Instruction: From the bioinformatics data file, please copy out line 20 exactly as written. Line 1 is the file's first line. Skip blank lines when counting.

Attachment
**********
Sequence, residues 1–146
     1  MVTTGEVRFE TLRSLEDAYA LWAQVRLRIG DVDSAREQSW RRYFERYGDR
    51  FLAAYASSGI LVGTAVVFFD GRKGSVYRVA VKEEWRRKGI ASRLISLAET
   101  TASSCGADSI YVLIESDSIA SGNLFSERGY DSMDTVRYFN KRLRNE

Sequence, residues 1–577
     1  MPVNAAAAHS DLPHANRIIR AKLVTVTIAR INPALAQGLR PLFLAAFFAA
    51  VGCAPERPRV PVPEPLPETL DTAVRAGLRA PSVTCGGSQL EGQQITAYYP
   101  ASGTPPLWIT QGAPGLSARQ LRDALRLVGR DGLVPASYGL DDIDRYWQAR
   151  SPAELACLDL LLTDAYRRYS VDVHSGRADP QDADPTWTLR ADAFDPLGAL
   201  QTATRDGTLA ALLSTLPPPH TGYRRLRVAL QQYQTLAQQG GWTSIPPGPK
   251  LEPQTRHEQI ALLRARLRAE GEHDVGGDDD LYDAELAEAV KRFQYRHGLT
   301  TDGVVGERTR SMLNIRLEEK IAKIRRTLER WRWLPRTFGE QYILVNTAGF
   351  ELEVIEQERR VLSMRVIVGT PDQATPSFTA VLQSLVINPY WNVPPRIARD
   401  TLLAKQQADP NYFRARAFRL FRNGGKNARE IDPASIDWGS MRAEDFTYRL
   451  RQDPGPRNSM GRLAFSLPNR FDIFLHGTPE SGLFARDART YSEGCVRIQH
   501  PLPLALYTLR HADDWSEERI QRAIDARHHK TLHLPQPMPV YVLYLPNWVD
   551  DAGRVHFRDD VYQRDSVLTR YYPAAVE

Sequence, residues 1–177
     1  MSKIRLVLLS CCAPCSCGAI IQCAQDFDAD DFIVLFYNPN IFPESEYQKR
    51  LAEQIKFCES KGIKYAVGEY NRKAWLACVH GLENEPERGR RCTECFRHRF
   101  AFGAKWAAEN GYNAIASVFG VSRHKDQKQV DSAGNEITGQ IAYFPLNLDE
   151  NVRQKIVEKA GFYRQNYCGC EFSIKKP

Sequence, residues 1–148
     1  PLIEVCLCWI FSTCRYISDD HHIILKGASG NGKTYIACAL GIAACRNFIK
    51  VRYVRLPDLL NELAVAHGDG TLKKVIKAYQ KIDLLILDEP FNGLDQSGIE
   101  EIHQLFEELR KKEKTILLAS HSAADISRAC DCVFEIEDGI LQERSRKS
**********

    51  LAEQIKFCES KGIKYAVGEY NRKAWLACVH GLENEPERGR RCTECFRHRF